Update in Charleston death case

Corryn Brock, Editor-in-Chief

Editor’s Note: This story contains graphic details from a police investigation of a death and police interviews with a man charged in connection with the death.

Joshua Fairchild, a man charged in connection with the death of a Charleston woman, will have his next court appearance on Oct. 4. Recently, a disclosure to the accused, a motion to compel discovery and a motion for discovery were filed in the case.

In a status hearing on Sept. 13, Fairchild’s attorney, Stephanie Corum, stated she is still waiting on a fitness report for her client.

In the same hearing, she requested via a motion to compel discovery that any and all police reports, video recordings and audio records be turned over to the defense in order to assist Dr. Jerry Boyd, the psychologist overseeing the fitness report.

State also filed a motion for discovery of a number of things the state could use in their defense, such as the names and last known addresses of witnesses the defense may call on for the trial, as well as requiring the defendant to appear in lineups, speak for identification by witnesses or try on articles of clothing as needed by the State.

Fairchild has been charged with first-degree murder of concealment of a homicidal death in the death of Cheleta S. Branch, Fairchild’s former girlfriend.

The State alleges Branch’s death occurred sometime between April 1 and June 25. 

A police affidavit revealed the chain of events leading to the discovery of Branch’s body from their perspective.

According to the police affidavit, police performed a wellbeing check on June 25 at 802 Jackson Ave. in Charleston at the request of Claudine Kent, mother of Branch, whose body was found at the residence. 

Police say they attempted to make contact with Branch but were unable to, causing them to leave and return with a lieutenant who noted he smelled an odor he identified as decomposition.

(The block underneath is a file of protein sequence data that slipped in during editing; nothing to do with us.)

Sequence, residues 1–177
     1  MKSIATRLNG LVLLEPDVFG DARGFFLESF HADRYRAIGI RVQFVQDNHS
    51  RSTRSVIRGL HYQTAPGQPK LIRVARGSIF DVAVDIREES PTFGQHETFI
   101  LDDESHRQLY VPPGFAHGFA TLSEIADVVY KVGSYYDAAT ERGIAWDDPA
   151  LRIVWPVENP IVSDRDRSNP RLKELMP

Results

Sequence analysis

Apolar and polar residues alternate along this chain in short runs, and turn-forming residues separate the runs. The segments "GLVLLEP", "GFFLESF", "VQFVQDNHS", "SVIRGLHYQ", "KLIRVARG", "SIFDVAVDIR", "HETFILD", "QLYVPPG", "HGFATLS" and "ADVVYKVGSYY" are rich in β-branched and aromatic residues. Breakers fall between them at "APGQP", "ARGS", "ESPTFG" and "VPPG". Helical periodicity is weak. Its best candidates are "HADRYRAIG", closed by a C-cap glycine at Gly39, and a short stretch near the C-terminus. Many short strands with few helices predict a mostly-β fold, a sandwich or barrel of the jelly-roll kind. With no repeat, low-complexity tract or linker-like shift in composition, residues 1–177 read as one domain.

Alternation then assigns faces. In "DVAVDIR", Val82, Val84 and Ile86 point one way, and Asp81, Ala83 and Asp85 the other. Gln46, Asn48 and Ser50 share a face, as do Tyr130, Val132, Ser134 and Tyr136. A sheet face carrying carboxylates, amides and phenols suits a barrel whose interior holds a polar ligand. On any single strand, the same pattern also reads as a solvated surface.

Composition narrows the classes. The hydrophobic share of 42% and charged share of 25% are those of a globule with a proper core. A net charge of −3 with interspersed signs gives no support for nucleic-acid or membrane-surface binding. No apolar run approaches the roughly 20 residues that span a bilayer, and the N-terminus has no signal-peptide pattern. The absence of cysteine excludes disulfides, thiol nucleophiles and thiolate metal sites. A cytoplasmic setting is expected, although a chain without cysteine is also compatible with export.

Police began to open the door and Fairchild spoke to the police to ask what was happening and to tell them the front door could not be opened and that he would exit the residence by using the back door.

Police say when Fairchild exited the residence police observed his hands shaking and his face twitching “uncontrollably.” He then denied Branch was at the home and said the smell could be coming from dirty dishes, the affidavit states. 

When police requested to walk through the home to look for Branch, Fairchild told them to get a warrant, according to the affidavit.

After getting a warrant and returning to the residence, police say they were able to enter the residence and identified the smell of decomposition as “incredibly strong.” Police could not find anyone in the home but noticed a pile of laundry in the doorway from the living room to the bedroom. 

Police began to inspect the pile and say they noticed several insects in the immediate area. They say they then began peeling back layers of “clothing, sleeping bags, towels, sheets and a tarp” until they were able to see human feet with the “toes down and heels up as if the body were (laying) down on its stomach in the pile.”

Police say they then called Coles County Coroner Ed Schniers, who worked with officers and crime scene investigators to peel back the remaining layers until Branch’s body was completely uncovered. 

According to the affidavit, Schniers noted that the body had been “in the position for quite some time.” The affidavit states that Schniers guessed that the body could have been there for weeks but he was unable to tell due the heat in the home and the fact that the body and its coverings were wet. 

Police say they then began interviewing Fairchild as the scene was processed and after being advised of his constitutional rights, Fairchild agreed to speak to the police.

According to police, Fairchild then told them that around “May 20th, or April 20th, or late April” he and Branch got into a verbal argument that turned into a physical altercation involving a knife. Fairchild said Branch grabbed a knife and in an attempt to grab the knife, he cut his hand before gaining control of it.

Police say he then said he then stabbed Branch in the neck and potentially other areas of the head.

When asked why he did not call the police, police say Fairchild said “in L.A., a dead body on the side of the street isn’t a big deal.”

 

Corryn Brock can be reached at 581-2812 or at [email protected]